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Florida Just Made Teachers' Jobs A Lot Harder

by Kaitlin Kimont

Despite empirical scientific evidence that proves things like global warming and evolution are actual facts, a new Florida law just made teachers’ jobs a lot harder by allowing any parent, or resident, to object to how these subjects, for example, are taught in public schools. The new legislation — signed by Gov. Rick Scott and went into effect on July 1 — will now reportedly require schools to hire an “unbiased” or “impartial” hearing officer to handle all complaints made by any Florida resident about instructional materials used in class, even if they don’t have a child enrolled in the school.

According to The Washington Post, complaints can be made about teaching materials like movies, textbooks, and novels, which could then be removed from the school and a teacher’s lesson plans if the “hearing officer deems the challenge justified.”

As for what could constitute for such a move, the bill states that an instructional material could be pulled from the curriculum if it's “pornographic or harmful to minors, is not suited to student needs and their ability to comprehend the material, or is inappropriate for the grade level and age group for which it is used; and requiring the school district to discontinue use of a material that is found to contain inappropriate or unsuitable material.”

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Those general guidelines have many worried, especially science education advocates, that teaching subjects like evolution and climate change will be much harder, according to The Washington Post. And while the categories don’t specifically target those topics, residents have already made formal complaints about how these subjects have been taught.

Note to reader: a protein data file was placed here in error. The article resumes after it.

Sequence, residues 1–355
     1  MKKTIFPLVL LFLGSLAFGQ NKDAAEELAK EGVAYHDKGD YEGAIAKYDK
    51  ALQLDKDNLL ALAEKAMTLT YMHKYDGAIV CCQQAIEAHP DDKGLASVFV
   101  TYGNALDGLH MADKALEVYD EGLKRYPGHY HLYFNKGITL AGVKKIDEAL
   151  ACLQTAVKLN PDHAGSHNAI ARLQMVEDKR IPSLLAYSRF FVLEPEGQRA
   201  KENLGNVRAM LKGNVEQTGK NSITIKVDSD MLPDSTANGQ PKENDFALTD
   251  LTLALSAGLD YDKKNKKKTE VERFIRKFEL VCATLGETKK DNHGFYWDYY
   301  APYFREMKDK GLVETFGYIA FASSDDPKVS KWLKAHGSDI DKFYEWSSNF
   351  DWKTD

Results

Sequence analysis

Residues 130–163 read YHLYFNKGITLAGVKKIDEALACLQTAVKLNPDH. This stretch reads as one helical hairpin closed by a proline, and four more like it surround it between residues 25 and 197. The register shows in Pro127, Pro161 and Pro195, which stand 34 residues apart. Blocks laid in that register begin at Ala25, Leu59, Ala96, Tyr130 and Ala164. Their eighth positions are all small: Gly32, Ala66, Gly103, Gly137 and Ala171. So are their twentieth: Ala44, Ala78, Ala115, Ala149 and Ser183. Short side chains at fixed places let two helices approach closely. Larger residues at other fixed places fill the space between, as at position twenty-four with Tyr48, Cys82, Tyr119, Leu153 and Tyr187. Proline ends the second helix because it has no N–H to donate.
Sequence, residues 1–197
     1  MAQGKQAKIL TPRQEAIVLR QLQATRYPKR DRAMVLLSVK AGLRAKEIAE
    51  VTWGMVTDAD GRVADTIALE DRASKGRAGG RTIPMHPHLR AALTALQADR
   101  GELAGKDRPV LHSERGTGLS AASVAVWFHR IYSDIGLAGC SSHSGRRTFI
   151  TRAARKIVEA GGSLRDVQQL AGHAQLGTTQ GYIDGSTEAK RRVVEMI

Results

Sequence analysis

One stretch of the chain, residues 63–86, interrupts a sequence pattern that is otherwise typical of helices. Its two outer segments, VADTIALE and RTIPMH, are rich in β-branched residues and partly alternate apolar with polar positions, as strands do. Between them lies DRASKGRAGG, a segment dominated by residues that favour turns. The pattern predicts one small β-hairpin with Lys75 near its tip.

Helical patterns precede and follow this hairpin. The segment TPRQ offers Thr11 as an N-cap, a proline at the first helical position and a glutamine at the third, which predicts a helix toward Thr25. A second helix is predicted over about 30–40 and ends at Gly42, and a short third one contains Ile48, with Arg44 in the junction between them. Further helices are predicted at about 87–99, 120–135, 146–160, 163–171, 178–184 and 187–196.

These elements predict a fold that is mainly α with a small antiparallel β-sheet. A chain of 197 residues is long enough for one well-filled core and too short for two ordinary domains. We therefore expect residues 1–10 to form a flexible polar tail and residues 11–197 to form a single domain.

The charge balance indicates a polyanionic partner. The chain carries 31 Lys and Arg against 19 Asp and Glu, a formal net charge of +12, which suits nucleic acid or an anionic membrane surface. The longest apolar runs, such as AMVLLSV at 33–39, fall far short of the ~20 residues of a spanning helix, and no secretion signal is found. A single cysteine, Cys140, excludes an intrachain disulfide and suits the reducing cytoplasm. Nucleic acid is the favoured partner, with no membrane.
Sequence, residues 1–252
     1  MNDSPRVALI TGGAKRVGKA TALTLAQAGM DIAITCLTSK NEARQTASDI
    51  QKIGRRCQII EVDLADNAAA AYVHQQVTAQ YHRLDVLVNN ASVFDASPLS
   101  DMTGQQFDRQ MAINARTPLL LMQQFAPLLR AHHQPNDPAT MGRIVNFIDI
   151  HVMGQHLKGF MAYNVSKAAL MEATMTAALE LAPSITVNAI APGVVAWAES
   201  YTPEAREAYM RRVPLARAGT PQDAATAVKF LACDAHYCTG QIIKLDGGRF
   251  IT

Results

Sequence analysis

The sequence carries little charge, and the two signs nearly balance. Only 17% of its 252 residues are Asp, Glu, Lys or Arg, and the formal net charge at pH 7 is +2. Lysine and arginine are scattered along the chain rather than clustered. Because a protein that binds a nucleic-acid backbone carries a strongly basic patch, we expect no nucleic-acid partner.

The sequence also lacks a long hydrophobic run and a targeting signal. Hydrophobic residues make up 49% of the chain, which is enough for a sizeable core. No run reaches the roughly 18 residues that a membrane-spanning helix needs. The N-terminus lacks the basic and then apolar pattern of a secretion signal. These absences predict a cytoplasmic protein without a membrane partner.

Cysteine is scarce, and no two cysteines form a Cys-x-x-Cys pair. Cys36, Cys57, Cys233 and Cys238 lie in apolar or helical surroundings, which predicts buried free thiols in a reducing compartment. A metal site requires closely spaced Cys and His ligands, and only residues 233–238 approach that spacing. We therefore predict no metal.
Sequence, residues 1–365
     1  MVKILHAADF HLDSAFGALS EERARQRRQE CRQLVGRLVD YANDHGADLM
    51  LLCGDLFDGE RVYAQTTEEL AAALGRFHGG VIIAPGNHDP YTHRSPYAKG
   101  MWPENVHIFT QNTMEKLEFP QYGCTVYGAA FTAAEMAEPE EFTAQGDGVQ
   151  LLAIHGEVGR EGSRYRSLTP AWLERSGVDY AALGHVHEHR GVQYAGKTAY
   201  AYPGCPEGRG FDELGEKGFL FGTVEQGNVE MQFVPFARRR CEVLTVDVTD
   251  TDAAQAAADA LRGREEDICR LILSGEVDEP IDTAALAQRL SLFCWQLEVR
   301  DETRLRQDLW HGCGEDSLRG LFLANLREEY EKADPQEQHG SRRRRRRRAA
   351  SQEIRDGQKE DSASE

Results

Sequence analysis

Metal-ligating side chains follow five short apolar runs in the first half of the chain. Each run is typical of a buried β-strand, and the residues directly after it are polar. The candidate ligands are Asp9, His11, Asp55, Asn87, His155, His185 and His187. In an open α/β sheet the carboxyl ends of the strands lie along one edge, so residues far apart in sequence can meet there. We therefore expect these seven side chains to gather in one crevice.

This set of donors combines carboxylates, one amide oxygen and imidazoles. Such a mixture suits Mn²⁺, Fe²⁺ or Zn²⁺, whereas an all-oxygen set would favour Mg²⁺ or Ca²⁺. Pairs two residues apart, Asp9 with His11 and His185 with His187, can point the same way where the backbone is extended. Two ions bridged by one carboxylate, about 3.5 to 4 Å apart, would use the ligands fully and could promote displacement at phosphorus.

“I have witnessed students being taught evolution as a fact of creation rather than a theory,” according to one affidavit. “I have witnessed children being taught that Global Warming is a reality. Now that it is colder and the country is experiencing repeated Cold Waves, the new term is Climate Change.” (The same complaint also requested the removal of library books about Cuba and wrote that “there is a liberal agenda being taught in our schools.”)

As Salon reported, the science community is greatly concerned that the new law will make it possible for further complaints to shape how children are taught these crucial subjects.

In a blog post responding to the bill, cited by Salon and The Washington Post, Brendan Hought, the communications director for Florida Citizens for Science, wrote:

Each and every one of us has to be on alert. You must keep an eye on your local school board and everyone who brings forth a complaint about textbooks. If you don’t, we truly lose. At this point the fight is at the local level. If you’re not there and willing to stand up for sound science education, then we’re done.

To this day, topics such as climate change, evolution, and vaccines still generate a great deal of skepticism. And even though scientific explanations that have been tested and confirmed by multiple sources exist, children in Florida may not receive a full and adequate lesson on a variety of subjects — and this law could be to blame.